catalytic processes, and on using such understanding for the design of new catalysts for major new process opportunities;

  1. continue the development of novel instrumentation for in situ studies of catalysts and catalytic phenomena;

  2. place greater emphasis on the systematic synthesis of new classes of materials of potential interest as catalysts; and

  3. investigate novel catalytic approaches to the production of energy (e.g., light-assisted catalytic splitting of water), the selective synthesis of commodity and fine chemicals, and the protection of the environment.


The principal sources of funding for university and national laboratory research on catalysis are the Department of Energy (DOE) and the National Science Foundation (NSF). As noted in Chapter 4, constant-dollar funding from these agencies, together with inflation and rising overhead costs, has caused a decrease in the number of young scientists being educated in the field of catalysis. The panel also observes that with the decline in emphasis on alternative fuels, research in catalysis has become increasingly diversified and less aligned along national interests. To offset these trends, the panel recommends that federal agencies:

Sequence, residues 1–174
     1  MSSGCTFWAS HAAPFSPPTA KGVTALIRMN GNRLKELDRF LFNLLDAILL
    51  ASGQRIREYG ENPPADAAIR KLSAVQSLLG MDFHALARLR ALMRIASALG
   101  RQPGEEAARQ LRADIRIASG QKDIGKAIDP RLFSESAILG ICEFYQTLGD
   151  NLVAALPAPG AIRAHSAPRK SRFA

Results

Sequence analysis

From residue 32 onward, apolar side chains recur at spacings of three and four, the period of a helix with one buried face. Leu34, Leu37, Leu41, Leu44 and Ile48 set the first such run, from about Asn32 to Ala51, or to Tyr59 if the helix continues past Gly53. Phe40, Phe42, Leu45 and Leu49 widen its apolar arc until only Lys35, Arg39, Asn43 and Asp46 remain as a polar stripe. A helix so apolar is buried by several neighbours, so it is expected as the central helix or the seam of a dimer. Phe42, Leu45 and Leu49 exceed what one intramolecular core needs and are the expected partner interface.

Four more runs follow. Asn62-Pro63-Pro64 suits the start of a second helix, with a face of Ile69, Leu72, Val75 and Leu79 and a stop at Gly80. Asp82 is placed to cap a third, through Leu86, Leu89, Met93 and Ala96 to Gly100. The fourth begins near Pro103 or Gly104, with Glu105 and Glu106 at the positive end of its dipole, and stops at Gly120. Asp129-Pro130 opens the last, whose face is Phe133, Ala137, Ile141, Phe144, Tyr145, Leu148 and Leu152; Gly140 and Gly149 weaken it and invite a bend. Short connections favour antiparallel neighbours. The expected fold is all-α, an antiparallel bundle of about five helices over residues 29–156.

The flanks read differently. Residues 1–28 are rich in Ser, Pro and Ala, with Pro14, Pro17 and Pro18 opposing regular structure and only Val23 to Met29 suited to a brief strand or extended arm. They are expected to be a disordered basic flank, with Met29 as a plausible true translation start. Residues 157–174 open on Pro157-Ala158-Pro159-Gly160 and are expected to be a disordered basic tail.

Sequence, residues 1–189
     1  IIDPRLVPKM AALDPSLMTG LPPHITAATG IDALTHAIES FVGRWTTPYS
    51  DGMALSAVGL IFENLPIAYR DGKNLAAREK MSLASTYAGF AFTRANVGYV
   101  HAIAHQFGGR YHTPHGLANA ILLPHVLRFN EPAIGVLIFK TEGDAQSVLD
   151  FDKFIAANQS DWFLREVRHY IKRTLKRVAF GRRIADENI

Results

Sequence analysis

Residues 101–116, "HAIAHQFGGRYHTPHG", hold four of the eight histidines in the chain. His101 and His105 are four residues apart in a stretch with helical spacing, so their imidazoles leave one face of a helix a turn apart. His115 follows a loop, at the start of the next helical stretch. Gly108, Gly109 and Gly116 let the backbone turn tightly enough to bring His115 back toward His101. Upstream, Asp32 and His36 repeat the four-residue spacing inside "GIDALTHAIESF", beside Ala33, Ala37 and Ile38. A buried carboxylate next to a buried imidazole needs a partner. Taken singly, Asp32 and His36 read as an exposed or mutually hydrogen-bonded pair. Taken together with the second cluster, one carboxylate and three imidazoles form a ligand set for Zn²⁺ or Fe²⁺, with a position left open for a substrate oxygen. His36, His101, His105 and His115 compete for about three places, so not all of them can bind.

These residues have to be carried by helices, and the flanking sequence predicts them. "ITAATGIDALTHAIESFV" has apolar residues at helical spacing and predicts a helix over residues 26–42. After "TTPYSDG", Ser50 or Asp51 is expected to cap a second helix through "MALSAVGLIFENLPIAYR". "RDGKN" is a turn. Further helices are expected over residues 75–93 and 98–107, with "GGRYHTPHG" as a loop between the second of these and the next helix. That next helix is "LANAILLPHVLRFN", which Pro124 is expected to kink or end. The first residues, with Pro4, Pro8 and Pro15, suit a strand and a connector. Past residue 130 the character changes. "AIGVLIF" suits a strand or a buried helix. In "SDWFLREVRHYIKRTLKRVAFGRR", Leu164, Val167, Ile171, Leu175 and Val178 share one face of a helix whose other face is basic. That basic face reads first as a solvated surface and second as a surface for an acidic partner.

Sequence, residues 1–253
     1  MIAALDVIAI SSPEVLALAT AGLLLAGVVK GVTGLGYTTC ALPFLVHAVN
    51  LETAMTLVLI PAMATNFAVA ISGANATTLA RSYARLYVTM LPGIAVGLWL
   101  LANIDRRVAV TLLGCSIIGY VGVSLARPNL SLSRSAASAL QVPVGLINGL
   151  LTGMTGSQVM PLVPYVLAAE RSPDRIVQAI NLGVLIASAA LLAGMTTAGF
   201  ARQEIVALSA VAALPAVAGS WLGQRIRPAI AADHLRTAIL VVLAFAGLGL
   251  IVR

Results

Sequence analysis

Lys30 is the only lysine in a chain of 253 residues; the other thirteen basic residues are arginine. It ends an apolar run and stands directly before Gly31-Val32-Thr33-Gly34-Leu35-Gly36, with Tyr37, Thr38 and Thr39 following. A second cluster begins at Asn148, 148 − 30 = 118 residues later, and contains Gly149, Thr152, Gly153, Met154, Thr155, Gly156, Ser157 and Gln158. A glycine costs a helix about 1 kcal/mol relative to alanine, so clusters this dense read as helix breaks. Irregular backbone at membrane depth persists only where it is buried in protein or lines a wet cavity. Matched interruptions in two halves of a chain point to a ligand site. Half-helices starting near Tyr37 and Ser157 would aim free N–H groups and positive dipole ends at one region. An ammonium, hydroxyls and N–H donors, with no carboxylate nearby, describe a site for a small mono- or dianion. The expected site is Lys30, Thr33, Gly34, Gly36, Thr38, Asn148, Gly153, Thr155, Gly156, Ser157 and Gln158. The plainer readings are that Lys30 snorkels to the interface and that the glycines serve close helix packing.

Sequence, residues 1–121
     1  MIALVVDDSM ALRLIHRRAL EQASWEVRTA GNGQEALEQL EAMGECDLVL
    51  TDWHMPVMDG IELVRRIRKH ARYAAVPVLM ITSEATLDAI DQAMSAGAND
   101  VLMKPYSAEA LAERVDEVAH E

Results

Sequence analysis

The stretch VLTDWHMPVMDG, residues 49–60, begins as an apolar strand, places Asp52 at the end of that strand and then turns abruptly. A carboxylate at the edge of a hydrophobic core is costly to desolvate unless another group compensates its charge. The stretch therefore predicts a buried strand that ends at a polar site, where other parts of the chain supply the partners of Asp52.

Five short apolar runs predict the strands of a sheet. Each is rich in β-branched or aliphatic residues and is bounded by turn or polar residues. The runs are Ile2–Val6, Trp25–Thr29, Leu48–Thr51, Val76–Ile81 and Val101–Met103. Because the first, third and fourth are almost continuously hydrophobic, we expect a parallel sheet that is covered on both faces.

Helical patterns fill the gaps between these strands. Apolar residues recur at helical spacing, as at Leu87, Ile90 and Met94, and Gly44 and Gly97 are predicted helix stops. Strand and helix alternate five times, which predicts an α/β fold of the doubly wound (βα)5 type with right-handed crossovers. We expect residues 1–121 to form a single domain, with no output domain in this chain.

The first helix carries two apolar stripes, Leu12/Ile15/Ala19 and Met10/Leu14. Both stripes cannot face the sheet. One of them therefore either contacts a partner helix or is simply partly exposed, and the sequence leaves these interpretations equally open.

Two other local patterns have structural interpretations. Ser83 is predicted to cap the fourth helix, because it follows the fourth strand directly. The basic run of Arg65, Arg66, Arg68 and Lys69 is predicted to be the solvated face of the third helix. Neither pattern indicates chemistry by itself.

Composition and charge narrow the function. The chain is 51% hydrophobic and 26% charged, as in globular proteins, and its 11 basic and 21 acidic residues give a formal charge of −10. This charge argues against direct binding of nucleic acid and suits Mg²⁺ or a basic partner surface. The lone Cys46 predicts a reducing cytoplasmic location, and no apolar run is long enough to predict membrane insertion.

1. establish mechanisms for reviewing their programs related to catalysis, to ensure that they are balanced and responsive to the needs of the nation and to the opportunities for accelerating progress;

  2. encourage industry to assist the funding agencies in identifying important fundamental problems that must be solved to facilitate the translation of new discoveries into viable products and processes; assessment of the fundamental research needs of industry should be communicated to all members of the catalysis community; and

  3. increase the level of federal funding in support of catalysis research by at least a factor of two (after correction for inflation) over the next five years. This recommendation is consistent with the Bush administration's proposal to double the NSF budget over the next five years and with a recent statement by Frank Press, president of the National Academy of Sciences, that doubling the research budgets of all federal agencies should be a goal for the 1990s. Recognizing the need for federal agencies to maintain flexibility and to encourage creative scientists who propose to explore new directions and ideas, the panel recommends that priority be given to the following five areas:

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